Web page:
Reviewed By

Christopher Armstead
Want to know what one of the major problems is with this movie '300: Rise of an Empire'?  Eva Green is the problem.  Now you're saying… Hey Moron, I've seen this movie, Eva Green was the best thing about this movie… and you'd be right.  About me being a Moron and Eva Green being the best thing about this movie.  But here's the thing, she's the bad guy in this movie, the heavy, the villain.  But Artemisia is so wonderful and deliciously bad that she made me happy every time I saw her, then they went and gave her a backstory which kind justifies why she's so mean in the first place… then in this backstory they made actor Peter Mensa… the emissary in the first movie… and one our favorite actors here at the FCU… as her mentor.  Now, with this backstory, we see why she has this perpetual mad-on, and as a result, we… or I guess me… are kind of rooting for her.  Plus in this movie they give her awesome negotiating skills.  She even put Xerexes (Rodrigo Santoro) in his place, and he's the God King.  Gave him a backstory too.  Our hero got nothing.  Who are we rooting for?  Not the Athenians, even though we are supposed to.  That's a problem.

'300: Rise of an Empire', a prequel, current time, sequel to '300', starts off with Queen Gorgo (Lena Headey) narrating about how the Athenian Thermistocles (Sullivan Stapleton) killed the king of Persia during a glorious battle, but realized that this was terrible mistake as he gave birth to a much worse alternative in his son Xerxes.  Now Xerxes used to be a bit of a punk, that is until Artemisia got ahold of him, shaped him and formed into the ten foot tall blinged out delusional psychopath that we have all come to know and love.  Artemisia for her part is in command of the Persian navy, and she rules with a heavy hand and she hates her some Greeks something awful. 

Thermistocles knows that the Persian Navy is coming and something has to be done about this, so he takes his own navy of brave fighting men to hold off Artemisia from landing and taking over Greece, meanwhile King Leonidus and his legion of 300 are doing their thing on land.  Thermistocles impresses Artemisia with his clever skills, but she knows it's just a matter time, besides, we already know what eventually is going to happen to Leonidus and his 300, so Thermistocles is just delaying the inevitable.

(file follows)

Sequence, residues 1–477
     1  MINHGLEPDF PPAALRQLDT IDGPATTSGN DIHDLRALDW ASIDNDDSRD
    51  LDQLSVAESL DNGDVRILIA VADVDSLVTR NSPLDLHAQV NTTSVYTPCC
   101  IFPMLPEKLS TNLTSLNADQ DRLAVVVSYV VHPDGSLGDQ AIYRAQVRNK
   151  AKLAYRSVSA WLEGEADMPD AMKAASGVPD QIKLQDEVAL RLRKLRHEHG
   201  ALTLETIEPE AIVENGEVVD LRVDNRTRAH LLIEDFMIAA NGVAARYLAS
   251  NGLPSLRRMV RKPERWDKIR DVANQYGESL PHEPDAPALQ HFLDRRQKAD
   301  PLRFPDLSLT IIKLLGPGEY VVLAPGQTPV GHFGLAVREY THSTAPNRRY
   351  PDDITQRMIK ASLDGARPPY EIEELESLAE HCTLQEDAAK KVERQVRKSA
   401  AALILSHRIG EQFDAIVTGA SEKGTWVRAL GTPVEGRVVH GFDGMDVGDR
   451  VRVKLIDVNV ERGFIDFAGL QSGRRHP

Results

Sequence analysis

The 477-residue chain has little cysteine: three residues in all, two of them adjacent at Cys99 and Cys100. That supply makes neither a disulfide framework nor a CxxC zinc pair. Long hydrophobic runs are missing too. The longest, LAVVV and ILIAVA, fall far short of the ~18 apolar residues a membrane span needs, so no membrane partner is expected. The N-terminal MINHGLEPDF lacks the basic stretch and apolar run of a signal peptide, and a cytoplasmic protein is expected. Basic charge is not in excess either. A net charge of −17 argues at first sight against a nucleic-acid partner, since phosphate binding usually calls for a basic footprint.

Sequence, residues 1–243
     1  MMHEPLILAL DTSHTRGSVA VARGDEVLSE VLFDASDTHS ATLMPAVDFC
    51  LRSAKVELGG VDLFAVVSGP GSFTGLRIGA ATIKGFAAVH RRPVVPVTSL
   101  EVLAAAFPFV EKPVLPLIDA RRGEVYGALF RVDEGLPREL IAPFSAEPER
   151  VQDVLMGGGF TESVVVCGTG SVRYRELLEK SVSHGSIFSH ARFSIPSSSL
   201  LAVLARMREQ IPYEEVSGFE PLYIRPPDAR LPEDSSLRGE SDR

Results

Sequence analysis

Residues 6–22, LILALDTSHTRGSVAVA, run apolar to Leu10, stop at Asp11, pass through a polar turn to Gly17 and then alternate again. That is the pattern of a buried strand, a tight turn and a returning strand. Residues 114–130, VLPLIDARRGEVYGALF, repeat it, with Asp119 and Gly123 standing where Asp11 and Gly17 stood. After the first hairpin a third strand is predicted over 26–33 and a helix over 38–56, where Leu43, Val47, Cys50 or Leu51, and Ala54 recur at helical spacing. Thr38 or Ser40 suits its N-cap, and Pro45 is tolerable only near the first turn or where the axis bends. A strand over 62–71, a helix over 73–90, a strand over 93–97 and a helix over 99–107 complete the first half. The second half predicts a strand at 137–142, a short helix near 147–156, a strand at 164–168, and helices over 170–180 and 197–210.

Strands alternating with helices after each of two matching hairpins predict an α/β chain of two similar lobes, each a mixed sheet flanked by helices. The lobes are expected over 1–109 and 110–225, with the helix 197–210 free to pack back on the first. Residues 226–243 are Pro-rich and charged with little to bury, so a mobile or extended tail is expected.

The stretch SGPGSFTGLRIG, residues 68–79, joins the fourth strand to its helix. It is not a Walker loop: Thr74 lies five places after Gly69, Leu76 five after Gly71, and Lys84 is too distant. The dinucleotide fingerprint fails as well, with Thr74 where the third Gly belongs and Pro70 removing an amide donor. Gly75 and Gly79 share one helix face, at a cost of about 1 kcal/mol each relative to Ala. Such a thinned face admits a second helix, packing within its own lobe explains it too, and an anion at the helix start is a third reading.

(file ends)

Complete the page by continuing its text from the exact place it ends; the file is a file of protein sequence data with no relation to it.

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Thermistocles needs help.  He needs Sparta if the Persians are to be thwarted, but the good Queen feels Sparta has given enough.  Whatever… better to die on your feet than live on your knees… or something along those lines.  He also knows that if some way, somehow he can take out Artemisia, then the Persians will be lost.  If only he can get close to her… a second time that is… He was pretty close to her the first time.   Can't get much closer.  But this second time, he wants to stab her… in a different way… with his amazing fire proof horse that can swim and fly.  What is this thing, Pegasus?  Anyway… I know how it has to end, I'm just not pleased that it has to end this way.

'300: Rise of an Empire' is probably bigger and bloodier and crazier than the movie it follows, some eight years ago, but alas, the novelty has kind of faded.  For instance, when I saw '300' at the theater back in 2006, it blew me out of my seat.  It was an experience.  I'd never seen anything quite like that before.  Now I've seen it few times since then, a proud owner of that film on defunct HD-DVD, the Look and Sound of Perfect, and it gets a little less awesome with each viewing as opposed to one of those movies that gets better with each viewing.  'Rise of an Empire' is even less awesome, despite the added draw of 3D which was well implemented this time around. 

Now don't get me wrong… the movie is big and loud and bloody and it moves like a bat out of hell… it's just that this was a sequel that probably needed to be released in 2008 as opposed to 2014 while the concept was still fresh and minds where still primed to be blown.  Then there was the issues with the narrative choices, that being giving all of the real flavor to our villains.  We're not completely upset with director Noam Murro and Producer Zach Snyder about this as we would probably pay good money to watch Eva Green knit a sweater for ninety minutes, but actor Sullivan Stapleton is our hero, and he needed all the help he could get since he wasn't blessed with Gerard Butler's screen presence.  This is the character that really needed the backstory, this is the character that needed to be propped up so that as he was bravely fighting for his country, we were cheering for him as opposed to wishing he would get off the screen so we could see more of Artemisia and even Xerxes.  They were the ones having all of the fun, chewing up scenery and reigning terror in a terribly entertaining manner.

'300: Rise of an Empire' probably is not a good movie as it's story is a bit fractured, a little slipshod, and seems to lack focus unless that focus was on 3D blood splatter and dismemberments, but it is entertaining.  It would be hard for it not to be.  But the villain gets to have all the fun, and this is probably not the design, but that's the character we identified with most in this one. 
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